With its expansion of Medicaid eligibility, the Affordable Care Act (a.k.a. Obamacare) was supposed to go a long way towards providing healthcare coverage to millions of uninsured Americans. That accomplishment was dealt a large blow by the Supreme Court, when it forbade the federal government from requiring states to expand Medicaid coverage. Nevertheless, many states plan to offer Medicaid to anyone with incomes at or below 138% of the Federal Poverty Limit (FPL). And more states might follow suit over time, under pressure from the healthcare industry, which likes its customers to be paying customers.
However, even if Medicaid coverage expands under Obamacare, a big potential problem remains — many physicians will be unwilling to care for Medicaid patients. But how many physicians and which ones?
A July study in Health Affairs estimated the percent of physicians from a wide range of specialties who were unwilling to take on new Medicaid patients in 2011 and 2012. What specialty would you guess was least likely to accept new Medicaid patients?
If you are like me, you guessed some high-paying procedural subspecialty, like orthopedic surgery or ophthalmology, where the physicians are accustomed to high fees and well-paying patients. In the case of orthopedic surgery, you would not have been too far off—40% of these physicians were unwilling to make new patient visits available to Medicaid recipients. On the other hand, only 18% of ophthalmologists were unwilling to see Medicaid patients.
The “winner” was a surprise to me however: it was psychiatrists. A full 56% of them were not open to seeing new Medicaid patients. I don’t know why this is such a high number. Perhaps Medicaid enrollees have a higher than average rate of mental illness, and thus account for a disproportionate number of psychiatric patients, maxing out their ability to care for those patients. Or perhaps Medicaid fees are particularly low for psychiatric care, relative to other forms of care. I’d be curious to see if any of you readers have any other ideas.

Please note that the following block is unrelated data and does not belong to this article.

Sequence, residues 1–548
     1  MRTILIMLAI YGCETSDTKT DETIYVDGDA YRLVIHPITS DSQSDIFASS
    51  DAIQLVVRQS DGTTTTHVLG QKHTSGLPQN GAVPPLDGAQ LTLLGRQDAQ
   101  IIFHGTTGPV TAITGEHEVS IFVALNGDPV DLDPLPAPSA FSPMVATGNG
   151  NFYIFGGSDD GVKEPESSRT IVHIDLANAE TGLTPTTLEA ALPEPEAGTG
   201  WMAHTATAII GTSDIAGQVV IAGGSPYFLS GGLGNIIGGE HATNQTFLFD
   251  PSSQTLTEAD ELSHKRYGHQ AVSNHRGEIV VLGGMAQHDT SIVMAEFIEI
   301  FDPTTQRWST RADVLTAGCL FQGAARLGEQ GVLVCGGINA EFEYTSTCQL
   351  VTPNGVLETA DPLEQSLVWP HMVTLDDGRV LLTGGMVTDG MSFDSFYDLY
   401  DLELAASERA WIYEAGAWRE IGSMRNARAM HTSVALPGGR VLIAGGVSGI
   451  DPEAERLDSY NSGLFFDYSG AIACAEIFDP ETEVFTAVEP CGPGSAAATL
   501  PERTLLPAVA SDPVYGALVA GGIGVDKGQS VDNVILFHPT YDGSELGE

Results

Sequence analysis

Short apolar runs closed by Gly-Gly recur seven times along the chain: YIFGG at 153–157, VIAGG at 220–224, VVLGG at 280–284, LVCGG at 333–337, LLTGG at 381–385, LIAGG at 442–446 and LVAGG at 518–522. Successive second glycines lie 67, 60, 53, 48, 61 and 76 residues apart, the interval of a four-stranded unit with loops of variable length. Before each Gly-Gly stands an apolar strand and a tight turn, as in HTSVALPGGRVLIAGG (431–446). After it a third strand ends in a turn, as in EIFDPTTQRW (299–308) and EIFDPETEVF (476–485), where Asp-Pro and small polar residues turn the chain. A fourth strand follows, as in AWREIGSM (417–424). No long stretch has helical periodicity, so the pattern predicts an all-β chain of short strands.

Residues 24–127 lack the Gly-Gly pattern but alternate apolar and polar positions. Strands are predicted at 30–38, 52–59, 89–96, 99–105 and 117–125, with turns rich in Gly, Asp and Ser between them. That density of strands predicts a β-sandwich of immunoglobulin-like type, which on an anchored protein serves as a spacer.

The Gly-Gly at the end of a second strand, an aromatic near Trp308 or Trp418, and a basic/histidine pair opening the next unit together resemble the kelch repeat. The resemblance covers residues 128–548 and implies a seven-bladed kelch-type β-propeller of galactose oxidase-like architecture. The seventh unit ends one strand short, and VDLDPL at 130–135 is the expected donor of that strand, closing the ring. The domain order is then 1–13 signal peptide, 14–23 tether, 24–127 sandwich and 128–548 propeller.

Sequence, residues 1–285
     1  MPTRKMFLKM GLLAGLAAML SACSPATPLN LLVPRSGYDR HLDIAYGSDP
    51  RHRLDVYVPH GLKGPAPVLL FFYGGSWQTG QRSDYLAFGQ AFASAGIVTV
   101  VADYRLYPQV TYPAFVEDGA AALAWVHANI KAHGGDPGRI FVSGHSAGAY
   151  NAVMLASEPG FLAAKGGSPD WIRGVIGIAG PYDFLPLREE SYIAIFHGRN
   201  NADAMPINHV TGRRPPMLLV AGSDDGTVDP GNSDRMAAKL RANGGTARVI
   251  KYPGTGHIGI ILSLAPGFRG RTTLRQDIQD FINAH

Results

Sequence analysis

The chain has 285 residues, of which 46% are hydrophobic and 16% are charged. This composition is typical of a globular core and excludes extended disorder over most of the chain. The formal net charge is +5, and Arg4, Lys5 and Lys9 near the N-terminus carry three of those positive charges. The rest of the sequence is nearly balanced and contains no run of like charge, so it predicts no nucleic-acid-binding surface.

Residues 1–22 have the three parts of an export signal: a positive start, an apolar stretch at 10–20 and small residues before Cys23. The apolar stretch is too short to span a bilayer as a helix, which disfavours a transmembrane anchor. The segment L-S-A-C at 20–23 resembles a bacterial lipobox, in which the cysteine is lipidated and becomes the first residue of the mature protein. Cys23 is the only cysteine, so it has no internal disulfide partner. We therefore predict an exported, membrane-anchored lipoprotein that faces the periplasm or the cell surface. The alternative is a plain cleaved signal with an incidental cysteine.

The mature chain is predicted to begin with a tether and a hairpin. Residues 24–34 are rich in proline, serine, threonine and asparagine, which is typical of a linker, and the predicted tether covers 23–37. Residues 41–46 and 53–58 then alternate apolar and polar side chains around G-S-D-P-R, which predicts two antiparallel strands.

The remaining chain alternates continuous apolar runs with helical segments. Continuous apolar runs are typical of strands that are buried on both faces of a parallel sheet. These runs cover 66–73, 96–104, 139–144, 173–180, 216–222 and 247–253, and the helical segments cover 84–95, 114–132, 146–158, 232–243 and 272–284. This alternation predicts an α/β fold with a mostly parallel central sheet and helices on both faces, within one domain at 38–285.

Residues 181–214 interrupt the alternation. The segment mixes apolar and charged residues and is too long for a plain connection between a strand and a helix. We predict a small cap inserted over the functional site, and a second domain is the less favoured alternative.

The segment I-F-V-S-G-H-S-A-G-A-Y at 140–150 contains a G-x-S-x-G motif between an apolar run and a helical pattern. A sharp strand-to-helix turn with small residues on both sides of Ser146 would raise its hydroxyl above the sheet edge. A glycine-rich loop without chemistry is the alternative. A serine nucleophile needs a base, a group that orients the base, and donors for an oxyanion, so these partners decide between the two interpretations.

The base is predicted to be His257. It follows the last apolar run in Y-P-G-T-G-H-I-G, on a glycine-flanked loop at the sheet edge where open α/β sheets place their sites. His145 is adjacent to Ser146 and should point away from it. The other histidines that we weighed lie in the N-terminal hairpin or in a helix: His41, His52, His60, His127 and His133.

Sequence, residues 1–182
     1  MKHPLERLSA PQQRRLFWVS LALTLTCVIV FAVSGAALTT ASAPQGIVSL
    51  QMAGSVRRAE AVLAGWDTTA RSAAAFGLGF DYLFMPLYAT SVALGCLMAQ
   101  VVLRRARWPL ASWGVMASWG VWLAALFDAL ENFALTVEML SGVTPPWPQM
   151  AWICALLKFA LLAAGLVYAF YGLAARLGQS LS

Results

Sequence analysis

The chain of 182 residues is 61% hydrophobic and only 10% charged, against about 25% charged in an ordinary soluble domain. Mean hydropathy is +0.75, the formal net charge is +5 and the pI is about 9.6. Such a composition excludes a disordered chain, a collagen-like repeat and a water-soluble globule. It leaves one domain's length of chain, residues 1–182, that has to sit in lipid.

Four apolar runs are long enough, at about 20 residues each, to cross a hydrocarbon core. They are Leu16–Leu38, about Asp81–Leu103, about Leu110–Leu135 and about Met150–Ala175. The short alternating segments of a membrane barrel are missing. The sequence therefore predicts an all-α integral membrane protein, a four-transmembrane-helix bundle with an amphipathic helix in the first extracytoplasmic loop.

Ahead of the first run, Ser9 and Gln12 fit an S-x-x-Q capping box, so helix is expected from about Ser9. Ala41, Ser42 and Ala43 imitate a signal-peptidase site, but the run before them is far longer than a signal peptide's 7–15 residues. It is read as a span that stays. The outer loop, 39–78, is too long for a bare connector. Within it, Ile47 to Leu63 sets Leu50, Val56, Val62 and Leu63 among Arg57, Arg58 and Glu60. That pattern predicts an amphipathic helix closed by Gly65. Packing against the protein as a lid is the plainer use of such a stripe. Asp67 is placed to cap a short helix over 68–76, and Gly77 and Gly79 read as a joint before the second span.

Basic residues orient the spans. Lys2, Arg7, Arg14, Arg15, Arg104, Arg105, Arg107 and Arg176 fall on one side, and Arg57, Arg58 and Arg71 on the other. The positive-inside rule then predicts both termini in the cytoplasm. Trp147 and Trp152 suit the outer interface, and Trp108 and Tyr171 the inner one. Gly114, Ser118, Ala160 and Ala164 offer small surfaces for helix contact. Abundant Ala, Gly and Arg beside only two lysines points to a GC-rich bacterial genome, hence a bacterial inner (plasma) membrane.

Which doctors do you think were most likely to accept new Medicaid enrollees? Once again, I was surprised by the answer: it was cardiologists. Only 9% were unwilling to take on new Medicaid patients.
I am not knowledgeable enough about Medicaid to understand what is going on here. I would love to hear ideas from all of you.
But meanwhile, I leave you with a simple take home point: healthcare coverage does not equate with access to healthcare. Physicians have to be willing to see patients. And if Medicaid does not pay well enough to incentivize physicians to see Medicaid patients, or if it is too slow to pay off claims, or if some other barrier stands in the way of helping these patients receive needed medical care—then we need to address those barriers. It is no use to obtain healthcare coverage that doesn’t get you healthcare!
Peter Ubel is a physician and behavioral scientist who blogs at his self-titled site, Peter Ubel and can be reached on Twitter @PeterUbel. He is the author of Critical Decisions: How You and Your Doctor Can Make the Right Medical Choices Together.